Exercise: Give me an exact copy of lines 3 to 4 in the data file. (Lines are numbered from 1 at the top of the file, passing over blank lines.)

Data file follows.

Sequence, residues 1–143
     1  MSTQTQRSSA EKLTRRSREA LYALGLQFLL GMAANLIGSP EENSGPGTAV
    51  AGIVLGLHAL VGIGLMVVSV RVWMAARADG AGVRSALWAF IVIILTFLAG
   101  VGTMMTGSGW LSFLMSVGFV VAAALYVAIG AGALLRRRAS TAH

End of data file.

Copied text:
    51  AGIVLGLHAL VGIGLMVVSV RVWMAARADG AGVRSALWAF IVIILTFLAG
   101  VGTMMTGSGW LSFLMSVGFV VAAALYVAIG AGALLRRRAS TAH